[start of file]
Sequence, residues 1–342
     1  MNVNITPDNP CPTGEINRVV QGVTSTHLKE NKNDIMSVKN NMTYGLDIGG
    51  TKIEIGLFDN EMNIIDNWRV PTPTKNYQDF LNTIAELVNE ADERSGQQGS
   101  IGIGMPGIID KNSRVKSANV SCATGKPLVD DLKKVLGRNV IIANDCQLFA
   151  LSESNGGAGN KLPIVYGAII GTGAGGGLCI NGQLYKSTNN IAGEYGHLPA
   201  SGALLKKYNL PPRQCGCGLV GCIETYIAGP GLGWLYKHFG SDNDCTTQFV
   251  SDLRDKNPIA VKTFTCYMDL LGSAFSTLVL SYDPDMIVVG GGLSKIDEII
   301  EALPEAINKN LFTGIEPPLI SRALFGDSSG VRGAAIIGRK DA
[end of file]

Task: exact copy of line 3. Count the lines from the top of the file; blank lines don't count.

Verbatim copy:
    51  TKIEIGLFDN EMNIIDNWRV PTPTKNYQDF LNTIAELVNE ADERSGQQGS